Will, Intentions and Change

Change is often less about what we intend to change and our willingness to take action.

If innovation requires us to change something understanding how change happens is important to doing innovation well. Much of the literature on behaviour change emphasizes things like raising awareness, providing information, and shifting people’s intentions. What is often missing is will.

A person might have the intention to change, but do they have the will to make that change real?

Behavioural Willingness is a relatively little used theory that differs from knowledge and intention. The theory was developed by Frederick Gibbons and Meg Gerrard as part of research on adolescent health behaviours. Gibbons and Gerrard wanted to understand how adolescents made decisions about engaging in a risky behaviour.

Behavioural Willingness is about an openness to risk opportunity and understanding it can help us to explain why some people change and others don’t.

Where There’s A Will…

Understanding our willingness to do something is an indication of how we perceive risk and our values associated with that risk. In times of great complexity where assessment of risk is actually quite difficult our willingness might be a better predictor than our intentions.

Consider environmental-related decisions and we can see this in action. Most people will say that they are interested in environmentally responsible actions, yet far fewer actually engage in those behaviours. My intention to reduce consumption or refrain from certain behaviours is not the same as actually doing it.

If I am willing to consider environmentally harmful choices, I might be less likely to convert intentions to actions. The reason for this is that I am at least entertaining the idea of engaging in a problematic behaviour. When I consider something to be possible I also see it as more likely to happen. When I am unwilling to engage in a behaviour, the likelihood disappears from my thinking. (Even if it is still possible that the behaviour will take place).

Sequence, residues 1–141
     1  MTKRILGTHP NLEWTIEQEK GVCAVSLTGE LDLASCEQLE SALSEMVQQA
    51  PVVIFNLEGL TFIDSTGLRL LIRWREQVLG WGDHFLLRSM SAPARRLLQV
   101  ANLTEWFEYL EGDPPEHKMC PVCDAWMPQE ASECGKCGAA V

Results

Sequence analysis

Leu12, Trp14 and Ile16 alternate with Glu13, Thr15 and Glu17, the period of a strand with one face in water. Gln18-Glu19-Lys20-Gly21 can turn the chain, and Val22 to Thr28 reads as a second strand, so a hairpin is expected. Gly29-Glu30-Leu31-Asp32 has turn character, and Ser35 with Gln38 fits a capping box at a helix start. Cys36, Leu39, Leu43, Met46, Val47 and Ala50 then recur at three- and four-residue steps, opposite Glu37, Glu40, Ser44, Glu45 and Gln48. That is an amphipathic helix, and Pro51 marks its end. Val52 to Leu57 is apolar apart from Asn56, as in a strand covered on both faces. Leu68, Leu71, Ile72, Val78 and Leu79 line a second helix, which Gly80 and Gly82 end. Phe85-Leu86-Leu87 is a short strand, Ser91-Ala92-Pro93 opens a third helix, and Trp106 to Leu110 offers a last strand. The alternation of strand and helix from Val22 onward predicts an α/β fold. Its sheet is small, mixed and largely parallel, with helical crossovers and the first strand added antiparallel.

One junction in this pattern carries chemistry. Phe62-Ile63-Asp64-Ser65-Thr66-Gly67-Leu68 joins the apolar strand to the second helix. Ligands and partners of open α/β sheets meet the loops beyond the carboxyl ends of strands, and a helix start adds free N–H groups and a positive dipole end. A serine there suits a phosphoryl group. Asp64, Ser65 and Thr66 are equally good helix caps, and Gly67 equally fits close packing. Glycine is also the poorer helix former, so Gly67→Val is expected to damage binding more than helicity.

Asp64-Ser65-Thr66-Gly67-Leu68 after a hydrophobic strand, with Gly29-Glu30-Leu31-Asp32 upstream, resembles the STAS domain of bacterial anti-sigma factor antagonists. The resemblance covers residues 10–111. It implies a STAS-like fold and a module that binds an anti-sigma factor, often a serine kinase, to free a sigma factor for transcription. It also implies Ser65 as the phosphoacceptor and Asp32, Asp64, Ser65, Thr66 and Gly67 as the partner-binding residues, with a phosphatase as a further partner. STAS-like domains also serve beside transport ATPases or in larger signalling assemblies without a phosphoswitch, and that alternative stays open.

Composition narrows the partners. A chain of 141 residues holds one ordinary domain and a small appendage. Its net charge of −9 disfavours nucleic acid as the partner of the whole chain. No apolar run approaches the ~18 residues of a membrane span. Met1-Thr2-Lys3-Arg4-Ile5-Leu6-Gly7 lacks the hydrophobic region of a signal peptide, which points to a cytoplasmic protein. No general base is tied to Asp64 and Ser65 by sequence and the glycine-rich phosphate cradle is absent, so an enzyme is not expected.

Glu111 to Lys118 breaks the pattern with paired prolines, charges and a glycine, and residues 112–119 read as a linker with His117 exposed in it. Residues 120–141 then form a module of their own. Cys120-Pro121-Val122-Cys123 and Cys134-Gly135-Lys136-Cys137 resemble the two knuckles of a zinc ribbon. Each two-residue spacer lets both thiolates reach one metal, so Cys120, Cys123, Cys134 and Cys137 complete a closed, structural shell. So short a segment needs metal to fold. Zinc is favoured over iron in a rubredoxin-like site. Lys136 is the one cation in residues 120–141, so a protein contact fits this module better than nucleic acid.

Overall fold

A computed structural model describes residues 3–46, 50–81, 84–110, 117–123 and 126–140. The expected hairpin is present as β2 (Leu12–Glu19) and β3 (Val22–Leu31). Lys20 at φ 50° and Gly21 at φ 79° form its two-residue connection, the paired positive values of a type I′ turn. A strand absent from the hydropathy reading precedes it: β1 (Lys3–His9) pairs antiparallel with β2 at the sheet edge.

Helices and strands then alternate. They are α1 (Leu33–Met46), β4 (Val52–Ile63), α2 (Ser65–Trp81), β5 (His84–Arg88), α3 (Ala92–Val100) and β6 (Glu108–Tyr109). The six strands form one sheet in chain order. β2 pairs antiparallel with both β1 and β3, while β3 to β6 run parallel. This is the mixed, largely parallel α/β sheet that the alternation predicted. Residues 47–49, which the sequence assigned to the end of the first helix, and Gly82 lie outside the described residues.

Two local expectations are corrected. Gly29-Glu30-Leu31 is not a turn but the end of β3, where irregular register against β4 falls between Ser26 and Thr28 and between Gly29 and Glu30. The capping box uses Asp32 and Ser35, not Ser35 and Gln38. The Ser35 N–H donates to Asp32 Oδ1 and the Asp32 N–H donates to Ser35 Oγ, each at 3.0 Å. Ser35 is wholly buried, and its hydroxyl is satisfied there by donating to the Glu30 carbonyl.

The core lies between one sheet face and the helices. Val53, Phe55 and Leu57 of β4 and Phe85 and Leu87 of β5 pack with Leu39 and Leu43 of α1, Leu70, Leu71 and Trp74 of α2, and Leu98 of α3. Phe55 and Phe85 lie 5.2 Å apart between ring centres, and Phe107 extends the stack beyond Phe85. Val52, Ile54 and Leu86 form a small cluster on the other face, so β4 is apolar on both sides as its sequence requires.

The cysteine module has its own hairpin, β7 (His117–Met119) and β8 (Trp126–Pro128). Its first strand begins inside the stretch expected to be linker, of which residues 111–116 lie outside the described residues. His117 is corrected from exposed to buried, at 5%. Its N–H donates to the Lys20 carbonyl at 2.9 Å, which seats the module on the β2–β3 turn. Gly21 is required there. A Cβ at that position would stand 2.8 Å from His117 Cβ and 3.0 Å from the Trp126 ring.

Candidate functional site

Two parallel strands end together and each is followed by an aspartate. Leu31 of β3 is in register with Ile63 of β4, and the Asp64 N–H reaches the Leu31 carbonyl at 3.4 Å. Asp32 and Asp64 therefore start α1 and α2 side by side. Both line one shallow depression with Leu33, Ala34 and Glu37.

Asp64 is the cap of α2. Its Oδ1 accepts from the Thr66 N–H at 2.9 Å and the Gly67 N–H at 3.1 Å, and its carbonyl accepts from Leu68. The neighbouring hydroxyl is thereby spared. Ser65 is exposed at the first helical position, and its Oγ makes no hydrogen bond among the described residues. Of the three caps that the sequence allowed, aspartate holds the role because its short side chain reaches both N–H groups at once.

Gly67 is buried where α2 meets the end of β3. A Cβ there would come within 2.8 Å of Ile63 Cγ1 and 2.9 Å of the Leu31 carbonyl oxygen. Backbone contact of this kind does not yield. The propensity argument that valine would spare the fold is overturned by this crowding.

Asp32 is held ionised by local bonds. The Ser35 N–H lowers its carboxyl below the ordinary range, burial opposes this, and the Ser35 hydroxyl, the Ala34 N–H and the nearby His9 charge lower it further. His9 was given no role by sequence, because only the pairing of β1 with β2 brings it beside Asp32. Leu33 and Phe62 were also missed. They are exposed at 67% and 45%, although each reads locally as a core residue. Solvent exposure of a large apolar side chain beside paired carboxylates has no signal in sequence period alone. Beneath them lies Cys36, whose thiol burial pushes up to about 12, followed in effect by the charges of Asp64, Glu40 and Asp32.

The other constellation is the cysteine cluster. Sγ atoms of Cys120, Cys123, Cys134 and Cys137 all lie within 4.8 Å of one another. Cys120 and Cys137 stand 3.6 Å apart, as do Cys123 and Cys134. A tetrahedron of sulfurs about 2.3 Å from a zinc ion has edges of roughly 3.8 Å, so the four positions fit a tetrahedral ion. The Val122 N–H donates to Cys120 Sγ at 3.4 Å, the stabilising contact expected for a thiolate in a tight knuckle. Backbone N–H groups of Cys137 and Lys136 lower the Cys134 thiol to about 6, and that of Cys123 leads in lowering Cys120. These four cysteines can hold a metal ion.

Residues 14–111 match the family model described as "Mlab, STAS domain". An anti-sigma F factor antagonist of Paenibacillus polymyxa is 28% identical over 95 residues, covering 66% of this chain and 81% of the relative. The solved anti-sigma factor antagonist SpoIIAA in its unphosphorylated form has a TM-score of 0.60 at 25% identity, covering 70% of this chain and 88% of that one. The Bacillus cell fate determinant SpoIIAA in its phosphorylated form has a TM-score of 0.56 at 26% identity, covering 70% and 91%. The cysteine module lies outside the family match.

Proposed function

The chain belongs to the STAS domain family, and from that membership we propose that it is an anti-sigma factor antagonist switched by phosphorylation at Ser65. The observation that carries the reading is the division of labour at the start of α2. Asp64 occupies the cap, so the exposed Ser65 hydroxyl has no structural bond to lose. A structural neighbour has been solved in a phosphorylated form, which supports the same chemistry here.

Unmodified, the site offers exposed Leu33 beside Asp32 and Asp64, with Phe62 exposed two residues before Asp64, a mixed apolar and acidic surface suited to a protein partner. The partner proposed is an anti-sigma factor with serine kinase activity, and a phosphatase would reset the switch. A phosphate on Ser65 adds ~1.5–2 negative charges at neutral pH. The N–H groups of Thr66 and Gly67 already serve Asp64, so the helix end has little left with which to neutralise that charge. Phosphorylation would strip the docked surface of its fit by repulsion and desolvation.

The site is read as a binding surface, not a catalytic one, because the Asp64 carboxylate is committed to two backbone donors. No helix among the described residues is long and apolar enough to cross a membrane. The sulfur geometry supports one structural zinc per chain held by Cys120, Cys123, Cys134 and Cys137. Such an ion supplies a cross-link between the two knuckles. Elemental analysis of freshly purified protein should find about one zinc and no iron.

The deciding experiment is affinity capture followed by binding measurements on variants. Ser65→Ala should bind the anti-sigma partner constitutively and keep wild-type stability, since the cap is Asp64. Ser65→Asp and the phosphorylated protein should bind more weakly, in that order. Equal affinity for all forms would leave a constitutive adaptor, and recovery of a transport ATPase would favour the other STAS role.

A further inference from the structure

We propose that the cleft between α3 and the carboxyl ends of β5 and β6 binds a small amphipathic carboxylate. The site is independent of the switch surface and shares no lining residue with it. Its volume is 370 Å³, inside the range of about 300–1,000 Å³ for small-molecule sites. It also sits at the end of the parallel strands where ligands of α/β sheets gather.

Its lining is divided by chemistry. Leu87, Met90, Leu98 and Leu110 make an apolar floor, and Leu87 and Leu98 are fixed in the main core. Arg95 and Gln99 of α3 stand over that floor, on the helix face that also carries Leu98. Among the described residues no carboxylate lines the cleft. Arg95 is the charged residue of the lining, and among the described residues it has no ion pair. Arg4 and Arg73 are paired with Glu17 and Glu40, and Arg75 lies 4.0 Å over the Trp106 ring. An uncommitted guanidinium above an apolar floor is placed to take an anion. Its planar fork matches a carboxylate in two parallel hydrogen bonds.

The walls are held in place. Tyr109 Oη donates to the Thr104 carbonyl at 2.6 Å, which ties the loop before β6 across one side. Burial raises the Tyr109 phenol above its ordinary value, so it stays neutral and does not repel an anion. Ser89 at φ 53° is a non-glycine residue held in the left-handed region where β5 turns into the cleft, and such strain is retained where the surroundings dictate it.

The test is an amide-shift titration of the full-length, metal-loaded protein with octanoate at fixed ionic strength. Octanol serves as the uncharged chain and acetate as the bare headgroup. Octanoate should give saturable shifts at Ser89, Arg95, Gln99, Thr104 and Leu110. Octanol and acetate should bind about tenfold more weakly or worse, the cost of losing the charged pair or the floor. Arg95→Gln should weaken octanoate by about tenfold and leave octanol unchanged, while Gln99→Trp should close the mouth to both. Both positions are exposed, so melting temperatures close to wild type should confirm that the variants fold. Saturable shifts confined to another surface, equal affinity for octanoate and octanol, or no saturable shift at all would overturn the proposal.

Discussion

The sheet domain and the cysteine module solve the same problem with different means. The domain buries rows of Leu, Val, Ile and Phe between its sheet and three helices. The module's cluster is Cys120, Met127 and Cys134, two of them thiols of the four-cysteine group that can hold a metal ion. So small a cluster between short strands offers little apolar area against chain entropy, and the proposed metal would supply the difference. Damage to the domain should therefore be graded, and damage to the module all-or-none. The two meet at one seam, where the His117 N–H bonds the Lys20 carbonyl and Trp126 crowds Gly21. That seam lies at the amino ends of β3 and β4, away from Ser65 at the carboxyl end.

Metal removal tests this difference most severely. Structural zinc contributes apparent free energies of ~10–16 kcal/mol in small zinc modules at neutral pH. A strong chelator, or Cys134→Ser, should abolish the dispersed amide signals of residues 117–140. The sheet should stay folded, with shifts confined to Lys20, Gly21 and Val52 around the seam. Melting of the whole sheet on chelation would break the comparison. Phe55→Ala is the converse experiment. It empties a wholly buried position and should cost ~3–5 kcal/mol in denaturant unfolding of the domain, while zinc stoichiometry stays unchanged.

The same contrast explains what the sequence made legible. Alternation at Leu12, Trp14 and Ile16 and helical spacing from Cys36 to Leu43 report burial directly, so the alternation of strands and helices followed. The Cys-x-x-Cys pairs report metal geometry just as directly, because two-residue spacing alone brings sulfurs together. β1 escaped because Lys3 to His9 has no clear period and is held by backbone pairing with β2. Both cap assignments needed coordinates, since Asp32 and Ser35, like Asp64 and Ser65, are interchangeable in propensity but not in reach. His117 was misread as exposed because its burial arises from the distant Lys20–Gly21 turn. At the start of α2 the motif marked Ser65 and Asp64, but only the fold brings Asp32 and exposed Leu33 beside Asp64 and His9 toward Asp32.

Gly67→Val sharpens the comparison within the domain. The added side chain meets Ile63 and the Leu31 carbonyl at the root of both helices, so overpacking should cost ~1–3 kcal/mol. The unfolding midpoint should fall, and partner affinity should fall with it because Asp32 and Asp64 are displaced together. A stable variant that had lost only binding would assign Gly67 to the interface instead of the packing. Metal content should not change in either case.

Will to Identity

Our willingness to do something is tied to our identity. Identities are among the most powerful forces for personal and social change. Psychologist Adam Grant has written extensively about the role identity plays in shaping our decisions. Our identity is a lens in how we see the world and perceive risk – so it makes sense that it is tied to willingness. To illustrate, if your identity is tied to your diet you use that to shape your food choices. Thus, a committed vegan is unwilling to eat a steak or a devout Jew or Muslim is unwilling to eat pork. Just as Grant says “your ideas are not your identity” — they can be.

When we connect positive identity affiliations to behaviour the gap between positive intentions and actions closes. Our identity is both and individual and a collective trait and must be address individually and with others. Another way to frame this is: our identity is defined by the company we keep in our families, workplaces, faith communities, professions and social circles.

Tying identity to our change efforts is a way to generating more will to action.

For behavioural designers, this means creating spaces, places, and contexts that support development of positive identities. But only if we are willing.

Photo by Daniel Se├čler on Unsplash

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